However, comparison with others is a slippery slope.  The fact was (and had always been) that it didn’t matter what other people did.  All I needed to know was that giving up alcohol – even temporarily – was something that was being begged of me for a long time and that I chose to ignore.  In every other aspect of my life, I had listened to this little voice within me, except for this one.  Thus, the decision was made.  I would give up alcohol and see what came up for me due to this life alteration.

That brings us to the present.  It has been a week without a drop and here is what I have learned:

1.    It’s not as hard as it seems

I am not saying it isn’t hard, but I had always thought it would be impossible.  Sure, when I cook dinner I miss having my margarita as part of the routine (though a super spicy virgin bloody mary is a good substitute for sipping) and I envy my friends at dinner when they take big gulps of wine in between bites of their meals (but a fresh watermelon blended with ice ain’t bad either), but the lack of drinking alcohol doesn’t consume my thoughts as much as it did when I relied on alcohol, which brings me to number 2…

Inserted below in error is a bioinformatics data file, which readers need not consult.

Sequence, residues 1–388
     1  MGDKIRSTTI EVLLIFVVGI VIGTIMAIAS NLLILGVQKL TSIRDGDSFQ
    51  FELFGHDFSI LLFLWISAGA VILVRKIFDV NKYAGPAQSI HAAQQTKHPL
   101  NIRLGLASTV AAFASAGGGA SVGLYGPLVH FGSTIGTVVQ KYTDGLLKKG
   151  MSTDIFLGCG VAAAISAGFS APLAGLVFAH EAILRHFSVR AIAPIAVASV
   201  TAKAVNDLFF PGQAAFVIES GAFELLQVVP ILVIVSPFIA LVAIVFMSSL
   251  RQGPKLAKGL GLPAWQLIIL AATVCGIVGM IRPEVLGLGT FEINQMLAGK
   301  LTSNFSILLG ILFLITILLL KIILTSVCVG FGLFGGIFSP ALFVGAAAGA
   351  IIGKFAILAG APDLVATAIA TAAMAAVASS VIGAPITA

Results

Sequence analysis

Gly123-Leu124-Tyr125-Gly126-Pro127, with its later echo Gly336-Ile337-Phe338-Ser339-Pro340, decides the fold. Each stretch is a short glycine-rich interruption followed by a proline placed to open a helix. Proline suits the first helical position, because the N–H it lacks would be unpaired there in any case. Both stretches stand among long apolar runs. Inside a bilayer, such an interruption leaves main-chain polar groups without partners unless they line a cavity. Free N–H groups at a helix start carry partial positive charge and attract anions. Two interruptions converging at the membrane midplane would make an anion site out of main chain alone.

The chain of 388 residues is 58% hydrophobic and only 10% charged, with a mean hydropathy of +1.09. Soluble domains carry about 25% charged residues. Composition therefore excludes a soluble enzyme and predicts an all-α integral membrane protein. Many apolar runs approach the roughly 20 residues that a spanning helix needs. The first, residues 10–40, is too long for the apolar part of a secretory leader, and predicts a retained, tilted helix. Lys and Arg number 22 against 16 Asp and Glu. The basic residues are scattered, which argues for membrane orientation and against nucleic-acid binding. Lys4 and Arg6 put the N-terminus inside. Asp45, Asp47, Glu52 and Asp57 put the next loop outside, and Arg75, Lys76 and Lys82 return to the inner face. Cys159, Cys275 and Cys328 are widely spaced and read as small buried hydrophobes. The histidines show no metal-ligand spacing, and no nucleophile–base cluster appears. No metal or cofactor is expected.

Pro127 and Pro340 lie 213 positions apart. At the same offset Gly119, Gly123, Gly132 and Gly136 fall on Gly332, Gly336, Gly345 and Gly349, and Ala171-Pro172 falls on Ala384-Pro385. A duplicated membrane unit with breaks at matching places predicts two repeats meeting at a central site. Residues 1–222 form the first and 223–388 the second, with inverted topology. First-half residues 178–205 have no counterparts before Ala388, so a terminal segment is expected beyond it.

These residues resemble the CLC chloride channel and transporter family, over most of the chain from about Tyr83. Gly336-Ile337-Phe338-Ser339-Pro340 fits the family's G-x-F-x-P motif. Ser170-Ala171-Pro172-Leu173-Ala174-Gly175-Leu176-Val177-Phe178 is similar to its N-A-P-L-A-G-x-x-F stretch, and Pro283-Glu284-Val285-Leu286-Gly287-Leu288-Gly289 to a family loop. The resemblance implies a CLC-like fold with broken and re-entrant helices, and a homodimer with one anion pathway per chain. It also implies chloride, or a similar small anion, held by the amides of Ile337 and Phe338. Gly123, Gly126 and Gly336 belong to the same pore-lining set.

2.    Less concern with managing alcohol consumption

It has been refreshing not to have to keep up with access to booze.  Every drinker knows that feeling of discovering that there are only a few drops of wine or vodka left in the house and, even though the last thing we want to do is go out shopping, we do it anyway.  Similarly, if I am headed to a friend’s house, I don’t have to wonder if they have wine already or if I should pick some up(?).  These sorts of thoughts are immediately erased  from the equation.